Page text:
docker build — you can use sh 'docker build . -t <tag>' it in your pipeline stage block to run the docker build command. (Make sure you have docker installed with correct permissions.

docker run: you can use sh 'docker run -d <image>' it in your pipeline stage block to build the container.

stages {
        stage('Build') {
            steps {
                sh 'docker build -t trainwithshubham/django-app:latest'
            }
        }
    }

🔹Task-01:

Create a Docker-Integrated Jenkins Declarative Pipeline🐳🖇

  1. Go to your Jenkins dashboard, click on New item give a name, and select Pipeline.

  2. Scroll down to the "Pipeline" section and choose "Pipeline script" from the dropdown.

    Now, let's use the provided syntax inside the script block of the pipeline:

      pipeline {
          agent any
          stages {
              stage('Code Clone') {
                  steps {
                      git url: 'https://github.com/chandanahdam/node-todo-cicd.git', branch: 'master'
                  }
              }
              stage('Build') {
                  steps {
                      sh 'docker build -t node-todo-cicd:latest .'
                  }
              }
              stage('Testing') {
                  steps {
                      echo 'Testing'
                      // You can add actual testing steps here
                  }
              }
              stage('Deploy') {
                  steps {
                      sh 'docker run -d -p 8000:8000 node-todo-cicd:latest'
                  }
              }
          }
      }
    

    1. Save it and click on Build now to check if it's working, as you can see we have successfully built the structure.

    2. The pipeline will execute the build and run stages, creating a Docker container with your application.

      • Successfully built and deployed using Jenkins declarative pipeline project.

        🔹TASK2:

        Create a docker-integrated Jenkins declarative pipeline using the docker groovy syntax inside the stage block.🐳🐳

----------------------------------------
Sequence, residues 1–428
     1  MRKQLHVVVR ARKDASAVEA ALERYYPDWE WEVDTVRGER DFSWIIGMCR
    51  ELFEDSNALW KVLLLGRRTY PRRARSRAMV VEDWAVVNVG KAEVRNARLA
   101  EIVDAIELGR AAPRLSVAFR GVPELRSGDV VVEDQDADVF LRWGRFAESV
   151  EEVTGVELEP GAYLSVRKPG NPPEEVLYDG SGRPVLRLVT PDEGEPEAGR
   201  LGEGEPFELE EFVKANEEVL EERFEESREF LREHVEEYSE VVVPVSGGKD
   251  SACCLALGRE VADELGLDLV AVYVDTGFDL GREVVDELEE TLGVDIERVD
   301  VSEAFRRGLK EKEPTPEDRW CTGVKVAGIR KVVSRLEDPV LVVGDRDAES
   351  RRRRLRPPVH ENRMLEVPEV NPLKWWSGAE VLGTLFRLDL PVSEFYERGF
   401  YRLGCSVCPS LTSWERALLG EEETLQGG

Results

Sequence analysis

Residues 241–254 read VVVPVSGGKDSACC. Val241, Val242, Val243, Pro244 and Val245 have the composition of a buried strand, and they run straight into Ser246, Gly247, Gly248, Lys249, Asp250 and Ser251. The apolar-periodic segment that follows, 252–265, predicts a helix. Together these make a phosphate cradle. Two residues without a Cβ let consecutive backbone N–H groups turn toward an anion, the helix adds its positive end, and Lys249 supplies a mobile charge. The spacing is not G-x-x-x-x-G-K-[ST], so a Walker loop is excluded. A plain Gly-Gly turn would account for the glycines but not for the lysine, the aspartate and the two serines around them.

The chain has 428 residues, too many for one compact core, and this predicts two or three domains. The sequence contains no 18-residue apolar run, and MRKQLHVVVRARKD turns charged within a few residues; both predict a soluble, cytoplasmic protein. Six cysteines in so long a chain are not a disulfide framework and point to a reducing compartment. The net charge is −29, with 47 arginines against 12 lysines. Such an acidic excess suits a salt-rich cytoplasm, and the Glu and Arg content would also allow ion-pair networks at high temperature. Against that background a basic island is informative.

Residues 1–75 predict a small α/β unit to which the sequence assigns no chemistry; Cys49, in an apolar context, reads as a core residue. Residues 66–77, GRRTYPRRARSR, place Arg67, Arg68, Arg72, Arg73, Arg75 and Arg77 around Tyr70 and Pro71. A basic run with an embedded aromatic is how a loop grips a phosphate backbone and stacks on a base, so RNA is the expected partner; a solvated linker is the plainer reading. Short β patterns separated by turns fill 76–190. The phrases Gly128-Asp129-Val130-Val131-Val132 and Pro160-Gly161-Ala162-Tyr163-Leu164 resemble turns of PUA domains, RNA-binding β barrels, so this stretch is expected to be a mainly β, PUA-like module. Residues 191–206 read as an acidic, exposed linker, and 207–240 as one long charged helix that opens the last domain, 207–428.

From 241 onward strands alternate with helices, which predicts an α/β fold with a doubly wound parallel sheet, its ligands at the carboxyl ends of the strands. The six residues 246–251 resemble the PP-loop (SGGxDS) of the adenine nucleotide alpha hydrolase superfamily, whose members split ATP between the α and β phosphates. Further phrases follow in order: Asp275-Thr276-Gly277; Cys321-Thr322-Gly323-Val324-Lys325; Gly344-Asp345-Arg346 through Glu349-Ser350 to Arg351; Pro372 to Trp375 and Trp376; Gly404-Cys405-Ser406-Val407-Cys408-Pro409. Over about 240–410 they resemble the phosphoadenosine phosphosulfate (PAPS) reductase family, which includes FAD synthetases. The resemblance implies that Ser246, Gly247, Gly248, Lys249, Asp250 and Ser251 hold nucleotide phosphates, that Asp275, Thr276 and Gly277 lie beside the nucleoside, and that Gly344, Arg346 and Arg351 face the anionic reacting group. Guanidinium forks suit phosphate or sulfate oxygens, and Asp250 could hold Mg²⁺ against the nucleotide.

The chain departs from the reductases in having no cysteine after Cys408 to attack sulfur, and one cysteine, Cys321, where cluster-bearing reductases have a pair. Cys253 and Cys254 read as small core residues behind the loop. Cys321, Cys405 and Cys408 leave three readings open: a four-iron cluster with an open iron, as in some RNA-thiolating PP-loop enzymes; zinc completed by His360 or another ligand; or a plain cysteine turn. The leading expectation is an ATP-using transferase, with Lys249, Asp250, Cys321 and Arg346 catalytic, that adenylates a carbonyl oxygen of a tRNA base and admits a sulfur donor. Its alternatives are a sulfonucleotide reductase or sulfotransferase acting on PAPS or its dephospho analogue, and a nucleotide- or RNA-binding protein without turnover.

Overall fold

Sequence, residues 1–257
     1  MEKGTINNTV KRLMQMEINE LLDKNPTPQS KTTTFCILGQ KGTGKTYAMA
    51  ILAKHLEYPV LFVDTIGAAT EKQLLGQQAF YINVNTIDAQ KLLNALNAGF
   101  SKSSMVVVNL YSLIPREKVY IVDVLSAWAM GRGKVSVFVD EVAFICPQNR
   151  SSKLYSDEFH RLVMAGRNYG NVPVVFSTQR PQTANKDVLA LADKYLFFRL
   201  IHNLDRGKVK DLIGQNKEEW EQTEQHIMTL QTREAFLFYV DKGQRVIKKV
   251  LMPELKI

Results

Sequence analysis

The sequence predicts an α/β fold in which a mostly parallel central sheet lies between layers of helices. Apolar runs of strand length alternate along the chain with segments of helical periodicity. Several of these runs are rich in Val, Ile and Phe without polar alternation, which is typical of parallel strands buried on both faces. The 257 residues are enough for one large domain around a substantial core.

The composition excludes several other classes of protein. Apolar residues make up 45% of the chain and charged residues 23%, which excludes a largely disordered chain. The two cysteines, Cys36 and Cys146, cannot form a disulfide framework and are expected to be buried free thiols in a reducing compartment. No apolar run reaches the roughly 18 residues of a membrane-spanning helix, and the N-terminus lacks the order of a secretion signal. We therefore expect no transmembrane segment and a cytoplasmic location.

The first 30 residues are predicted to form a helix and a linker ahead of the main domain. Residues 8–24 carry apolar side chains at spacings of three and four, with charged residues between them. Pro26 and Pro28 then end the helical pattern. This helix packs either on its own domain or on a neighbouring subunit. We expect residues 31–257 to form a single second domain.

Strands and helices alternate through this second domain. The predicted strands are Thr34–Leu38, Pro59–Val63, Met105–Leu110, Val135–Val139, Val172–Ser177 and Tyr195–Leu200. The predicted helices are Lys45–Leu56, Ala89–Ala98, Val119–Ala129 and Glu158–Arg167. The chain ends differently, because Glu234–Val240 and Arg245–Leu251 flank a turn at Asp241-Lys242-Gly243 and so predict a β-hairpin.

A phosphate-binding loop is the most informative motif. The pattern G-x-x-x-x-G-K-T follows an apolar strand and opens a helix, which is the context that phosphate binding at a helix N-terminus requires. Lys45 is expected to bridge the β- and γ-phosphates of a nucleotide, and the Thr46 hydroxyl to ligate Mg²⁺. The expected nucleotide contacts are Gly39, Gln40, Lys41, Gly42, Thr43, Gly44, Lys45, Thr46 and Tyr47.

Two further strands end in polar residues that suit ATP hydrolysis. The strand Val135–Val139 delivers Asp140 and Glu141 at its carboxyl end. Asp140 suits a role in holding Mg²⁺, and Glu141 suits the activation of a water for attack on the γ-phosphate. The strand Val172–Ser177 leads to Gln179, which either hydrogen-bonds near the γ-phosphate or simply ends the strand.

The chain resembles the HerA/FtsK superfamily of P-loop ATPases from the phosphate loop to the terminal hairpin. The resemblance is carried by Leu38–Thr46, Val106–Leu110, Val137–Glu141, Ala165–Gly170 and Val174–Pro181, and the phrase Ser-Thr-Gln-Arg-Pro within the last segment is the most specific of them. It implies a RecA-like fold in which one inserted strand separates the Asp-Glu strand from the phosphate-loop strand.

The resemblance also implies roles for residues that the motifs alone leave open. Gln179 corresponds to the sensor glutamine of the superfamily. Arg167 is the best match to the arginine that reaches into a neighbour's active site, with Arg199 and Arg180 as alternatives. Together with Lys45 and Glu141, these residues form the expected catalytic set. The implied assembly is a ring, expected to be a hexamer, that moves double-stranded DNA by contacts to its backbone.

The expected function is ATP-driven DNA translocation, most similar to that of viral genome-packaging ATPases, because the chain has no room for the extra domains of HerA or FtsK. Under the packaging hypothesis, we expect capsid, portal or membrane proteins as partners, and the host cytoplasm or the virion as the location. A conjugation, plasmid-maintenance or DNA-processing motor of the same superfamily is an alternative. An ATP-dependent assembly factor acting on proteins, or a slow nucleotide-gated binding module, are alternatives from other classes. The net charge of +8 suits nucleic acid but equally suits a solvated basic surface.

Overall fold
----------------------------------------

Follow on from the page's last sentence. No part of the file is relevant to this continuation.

• when rebuilding the project, a common issue emerges due to the previously built container still occupying the same port, leading to conflicts, We can solve the error with the help of docker-compose, by modifying the script using the docker-compose down and up commands.

           stage("code Deploy"){
                       steps {
                           sh 'docker-compose down'
                           sh 'docker-compose up'
                       }
                   }
        

        • Click on the "Save" button to save your pipeline configuration.

        • Run the pipeline job by clicking on the "Build Now" button.

          Below the screenshot, our container is running also our Application running Properly.

          Conclusion

          In this article, you have seen how to leverage Jenkins’s deployment phase and Pipeline features to help automate your deployments by constructing a Jenkinsfile.

          we would always recommend you prefer creating Jenkinsfile with Declarative pipeline syntax. Jenkinsfile, since part of the application’s source code, will provide more control over CI/CD steps to developers.

          That’s the best way to make the most of Jenkins CI/CD and all the features it has to offer!

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Happy learning and testing🎉🎉 !!!!